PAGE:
As Joe Brown prepared to move on from his career in the
Navy, God made his next step very clear. “God literally came to my room one
night and He spoke to me just like He did Samuel. He said, ‘preach,’” Brown
said. So, Brown did just that. That next Sunday night he preached and within
one month he was pastoring a church.
Brown has devoted his life to pastoring and preaching God’s
Word, and poured much of his life into shepherding Hickory Grove Baptist Church
in Charlotte. Brown recently retired from 26 years of ministry as the church’s
Throughout his time at Hickory Grove Brown saw the Lord do
many great things, and he saw many changes happen in the life of the
congregation. When Brown came to Hickory Grove in 1984 attendance was about
2,155. By 2010, that number had increased to 16,827. Since 1984 the church has
baptized nearly 8,000 people.
As the congregation grew Brown learned the importance of
working with a staff who shared his same vision for the church.
The senior pastor cannot do all the visitations and cannot
preach all the sermons. Brown encouraged pastors to “replicate your vision in
the hearts of other people” and to ensure the staff is onboard with the vision.
“You cannot carry people who have no vision,” he said.
Brown led Hickory Grove to become a multi-site church
because he saw a need in the local community and knew God had laid this next
step of ministry on his heart. For nearly three years he prayed about starting
this multi-site campus in an area of Charlotte that was growing rapidly but had
no church nearby.
On that first Sunday of worship at the multi-site campus
more than 300 people came and most were from the community; they were not
already attending Hickory Grove.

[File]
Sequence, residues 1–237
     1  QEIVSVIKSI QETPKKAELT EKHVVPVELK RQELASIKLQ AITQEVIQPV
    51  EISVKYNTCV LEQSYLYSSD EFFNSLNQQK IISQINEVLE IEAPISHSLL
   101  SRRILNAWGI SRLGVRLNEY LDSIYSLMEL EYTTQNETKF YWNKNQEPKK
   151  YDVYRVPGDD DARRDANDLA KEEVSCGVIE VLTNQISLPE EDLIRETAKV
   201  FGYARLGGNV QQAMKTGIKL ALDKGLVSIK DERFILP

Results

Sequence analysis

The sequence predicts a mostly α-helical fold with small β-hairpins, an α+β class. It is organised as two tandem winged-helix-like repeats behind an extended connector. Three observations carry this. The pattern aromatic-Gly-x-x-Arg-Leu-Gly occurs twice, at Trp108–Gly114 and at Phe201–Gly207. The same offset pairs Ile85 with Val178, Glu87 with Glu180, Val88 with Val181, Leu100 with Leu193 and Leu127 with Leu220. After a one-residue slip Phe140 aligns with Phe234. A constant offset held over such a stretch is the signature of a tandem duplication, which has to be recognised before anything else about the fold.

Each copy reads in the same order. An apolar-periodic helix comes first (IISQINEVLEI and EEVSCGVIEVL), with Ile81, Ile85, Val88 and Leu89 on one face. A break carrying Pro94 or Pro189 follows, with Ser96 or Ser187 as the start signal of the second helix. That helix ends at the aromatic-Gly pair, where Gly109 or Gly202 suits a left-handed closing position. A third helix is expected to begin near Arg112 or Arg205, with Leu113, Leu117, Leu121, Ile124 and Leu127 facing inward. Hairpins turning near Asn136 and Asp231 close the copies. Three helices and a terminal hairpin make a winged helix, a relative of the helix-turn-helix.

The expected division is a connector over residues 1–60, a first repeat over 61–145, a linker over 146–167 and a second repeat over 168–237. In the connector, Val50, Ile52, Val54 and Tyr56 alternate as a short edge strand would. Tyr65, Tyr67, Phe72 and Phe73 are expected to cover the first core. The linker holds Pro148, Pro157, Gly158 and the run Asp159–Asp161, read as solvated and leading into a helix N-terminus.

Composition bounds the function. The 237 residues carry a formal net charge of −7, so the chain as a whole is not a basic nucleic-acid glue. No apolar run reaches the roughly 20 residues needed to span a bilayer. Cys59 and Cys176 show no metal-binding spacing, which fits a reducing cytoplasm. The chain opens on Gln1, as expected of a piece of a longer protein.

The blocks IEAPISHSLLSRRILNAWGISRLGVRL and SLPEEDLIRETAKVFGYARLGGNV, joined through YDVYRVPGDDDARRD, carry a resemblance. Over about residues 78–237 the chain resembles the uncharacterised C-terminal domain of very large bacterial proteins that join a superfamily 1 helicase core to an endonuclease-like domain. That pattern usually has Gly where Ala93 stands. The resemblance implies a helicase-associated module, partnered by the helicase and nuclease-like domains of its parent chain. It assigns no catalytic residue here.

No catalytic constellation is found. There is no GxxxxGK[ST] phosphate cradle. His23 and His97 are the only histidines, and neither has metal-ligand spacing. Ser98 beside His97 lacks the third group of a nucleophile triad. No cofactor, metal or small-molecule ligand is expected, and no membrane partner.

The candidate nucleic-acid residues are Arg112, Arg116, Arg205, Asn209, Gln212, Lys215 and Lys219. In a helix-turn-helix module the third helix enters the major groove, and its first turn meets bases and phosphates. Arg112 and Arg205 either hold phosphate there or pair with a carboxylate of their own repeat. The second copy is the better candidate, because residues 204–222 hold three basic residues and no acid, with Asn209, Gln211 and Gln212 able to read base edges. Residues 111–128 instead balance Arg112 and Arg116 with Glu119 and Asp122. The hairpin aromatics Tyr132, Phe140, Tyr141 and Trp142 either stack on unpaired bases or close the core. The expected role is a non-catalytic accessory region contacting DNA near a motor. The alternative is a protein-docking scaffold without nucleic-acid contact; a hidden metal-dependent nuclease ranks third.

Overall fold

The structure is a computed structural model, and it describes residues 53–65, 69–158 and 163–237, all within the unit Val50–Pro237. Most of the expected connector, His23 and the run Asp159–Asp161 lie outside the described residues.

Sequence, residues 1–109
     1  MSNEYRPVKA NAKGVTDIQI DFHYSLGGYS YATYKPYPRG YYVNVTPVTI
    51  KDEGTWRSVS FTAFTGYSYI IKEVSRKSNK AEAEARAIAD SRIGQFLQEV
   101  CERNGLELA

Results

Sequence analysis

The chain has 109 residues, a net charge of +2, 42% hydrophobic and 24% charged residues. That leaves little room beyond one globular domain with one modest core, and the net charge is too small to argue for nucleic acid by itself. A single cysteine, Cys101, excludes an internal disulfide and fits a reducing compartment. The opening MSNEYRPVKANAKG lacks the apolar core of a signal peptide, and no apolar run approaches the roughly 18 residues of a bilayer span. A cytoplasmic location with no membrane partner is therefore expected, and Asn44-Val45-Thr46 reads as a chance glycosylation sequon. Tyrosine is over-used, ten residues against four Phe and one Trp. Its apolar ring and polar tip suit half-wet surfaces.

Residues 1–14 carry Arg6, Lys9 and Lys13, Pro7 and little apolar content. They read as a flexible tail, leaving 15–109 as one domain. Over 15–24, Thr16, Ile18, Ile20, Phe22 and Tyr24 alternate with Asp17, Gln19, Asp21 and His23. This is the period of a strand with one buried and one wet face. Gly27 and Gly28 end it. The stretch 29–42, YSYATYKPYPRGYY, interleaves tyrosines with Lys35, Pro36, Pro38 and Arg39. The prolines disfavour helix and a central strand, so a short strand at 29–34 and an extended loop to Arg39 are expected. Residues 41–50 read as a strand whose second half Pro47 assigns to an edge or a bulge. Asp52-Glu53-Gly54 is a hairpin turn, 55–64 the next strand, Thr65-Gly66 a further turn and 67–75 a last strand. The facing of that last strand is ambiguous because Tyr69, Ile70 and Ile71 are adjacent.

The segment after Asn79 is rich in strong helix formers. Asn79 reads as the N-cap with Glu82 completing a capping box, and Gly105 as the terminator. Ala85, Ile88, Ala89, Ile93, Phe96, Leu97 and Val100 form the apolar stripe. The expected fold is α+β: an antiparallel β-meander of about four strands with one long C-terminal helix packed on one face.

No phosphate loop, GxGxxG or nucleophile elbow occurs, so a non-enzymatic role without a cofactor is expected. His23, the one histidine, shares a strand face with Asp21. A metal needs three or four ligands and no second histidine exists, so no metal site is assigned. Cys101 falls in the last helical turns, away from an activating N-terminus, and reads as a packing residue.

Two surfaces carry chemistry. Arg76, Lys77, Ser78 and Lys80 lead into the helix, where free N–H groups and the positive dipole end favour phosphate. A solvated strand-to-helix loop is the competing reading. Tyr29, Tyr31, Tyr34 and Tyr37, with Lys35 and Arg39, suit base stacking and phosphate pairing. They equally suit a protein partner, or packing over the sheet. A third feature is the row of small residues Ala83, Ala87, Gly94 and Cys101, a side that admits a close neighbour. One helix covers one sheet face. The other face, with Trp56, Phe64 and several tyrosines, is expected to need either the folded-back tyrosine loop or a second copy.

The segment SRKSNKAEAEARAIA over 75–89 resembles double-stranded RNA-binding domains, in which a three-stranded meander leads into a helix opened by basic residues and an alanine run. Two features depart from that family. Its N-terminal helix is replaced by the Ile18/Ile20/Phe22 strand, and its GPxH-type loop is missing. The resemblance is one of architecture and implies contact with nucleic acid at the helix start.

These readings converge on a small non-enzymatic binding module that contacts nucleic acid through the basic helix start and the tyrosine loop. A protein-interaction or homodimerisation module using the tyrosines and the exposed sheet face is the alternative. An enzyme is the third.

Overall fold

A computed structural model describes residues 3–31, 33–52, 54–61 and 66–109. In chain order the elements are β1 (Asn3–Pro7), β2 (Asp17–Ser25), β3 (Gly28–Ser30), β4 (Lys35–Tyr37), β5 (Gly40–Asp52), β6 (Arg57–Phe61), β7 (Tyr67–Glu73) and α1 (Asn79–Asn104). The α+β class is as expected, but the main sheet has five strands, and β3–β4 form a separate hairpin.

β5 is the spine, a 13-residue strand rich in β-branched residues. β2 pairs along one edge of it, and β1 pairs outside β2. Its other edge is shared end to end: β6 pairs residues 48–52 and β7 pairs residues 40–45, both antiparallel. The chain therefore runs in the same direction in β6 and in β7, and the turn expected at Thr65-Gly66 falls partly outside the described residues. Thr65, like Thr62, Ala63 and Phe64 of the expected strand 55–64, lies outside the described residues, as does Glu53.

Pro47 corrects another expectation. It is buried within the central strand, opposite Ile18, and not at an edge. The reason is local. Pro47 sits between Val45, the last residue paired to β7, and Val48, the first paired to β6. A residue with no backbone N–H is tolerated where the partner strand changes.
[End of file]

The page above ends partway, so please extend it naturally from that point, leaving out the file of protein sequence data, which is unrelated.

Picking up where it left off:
As the landscape surrounding Hickory Grove changed, Brown
said the congregation had to be willing to also change. They never changed the
message of the gospel, only the strategies in which they sought to share that
As the Hispanic population increased, Hickory Grove started
a Latin American congregation. As more people became interested in faith-based
education, Hickory Grove started a school on its campus.
Brown said the key to continuing in effective ministry for
the sake of the gospel comes back to a piece of advice someone shared with him
years ago: remember who called you. “People will try to pull you away from
God,” Brown said. When that happens, “you absolutely cannot function. Don’t get
so busy doing the work of the ministry that you forget the One who called you.”
With busyness can often come, whether intentional or not, a
tendency to forsake personal time with God.
“You get so busy you forget to feed
yourself,” Brown said. “Burn out is literally a soul deficit.”
Brown did not plan to stay at Hickory Grove 26 years.
Not that he wanted to leave, but he kept his focus on the
One who called him and determined to serve wherever and however God led. “I
knew I did not own the church. I wasn’t the proprietor,” Brown said.
Something Brown has tried to maintain as priority throughout
his ministry is mentoring and helping develop young preaching pastors. “I
wanted to always multiply,” he said. Brown also made sure to keep his family a
priority. As balancing work and family is a constant struggle, Brown had to be
intentional in scheduling his time.
Just as Moses knew when it was time to go into the desert,
so Brown said he knew when it was time to retire from serving at Hickory Grove.
“If we are really truly God’s people and His Spirit lives within us He will
guide us,” Brown said. Brown knew well before it was actually time to step
aside, and so he began planning for that transition. Brown urged pastors to
plan ahead for when that day comes.
Although his time of serving as senior pastor of Hickory
Grove has ended, Brown’s ministry is far from over. “God is not finished with
me,” he said, and he is ready to serve however God leads. Brown still wants to
be involved in serving the local church and is interested specifically in
helping churches going through a difficult time.
Brown said he hopes this next phase of life will allow him
to be a “restorer of the faith” for other churches and pastors.
Brown speaks as one who knows personally God’s grace and
does not forget it. “Every day is a gift,” he said. “I am a person most blessed.”
On Jan. 30, the Sunday after Brown’s retirement, Clint
Pressley, who had been serving as the preaching pastor, was affirmed as the
church’s new senior pastor.
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